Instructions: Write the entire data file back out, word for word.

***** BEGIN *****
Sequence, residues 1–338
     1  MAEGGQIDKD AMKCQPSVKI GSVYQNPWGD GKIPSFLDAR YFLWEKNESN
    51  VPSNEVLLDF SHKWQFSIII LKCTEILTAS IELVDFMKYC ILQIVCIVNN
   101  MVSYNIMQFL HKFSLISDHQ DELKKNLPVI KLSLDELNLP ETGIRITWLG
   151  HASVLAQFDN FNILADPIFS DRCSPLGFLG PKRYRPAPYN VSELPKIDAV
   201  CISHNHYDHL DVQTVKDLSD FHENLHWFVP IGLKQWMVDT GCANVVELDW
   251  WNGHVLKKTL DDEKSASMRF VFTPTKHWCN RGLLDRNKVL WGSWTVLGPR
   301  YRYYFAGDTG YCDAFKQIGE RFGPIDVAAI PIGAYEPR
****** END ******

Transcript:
Sequence, residues 1–338
     1  MAEGGQIDKD AMKCQPSVKI GSVYQNPWGD GKIPSFLDAR YFLWEKNESN
    51  VPSNEVLLDF SHKWQFSIII LKCTEILTAS IELVDFMKYC ILQIVCIVNN
   101  MVSYNIMQFL HKFSLISDHQ DELKKNLPVI KLSLDELNLP ETGIRITWLG
   151  HASVLAQFDN FNILADPIFS DRCSPLGFLG PKRYRPAPYN VSELPKIDAV
   201  CISHNHYDHL DVQTVKDLSD FHENLHWFVP IGLKQWMVDT GCANVVELDW
   251  WNGHVLKKTL DDEKSASMRF VFTPTKHWCN RGLLDRNKVL WGSWTVLGPR
   301  YRYYFAGDTG YCDAFKQIGE RFGPIDVAAI PIGAYEPR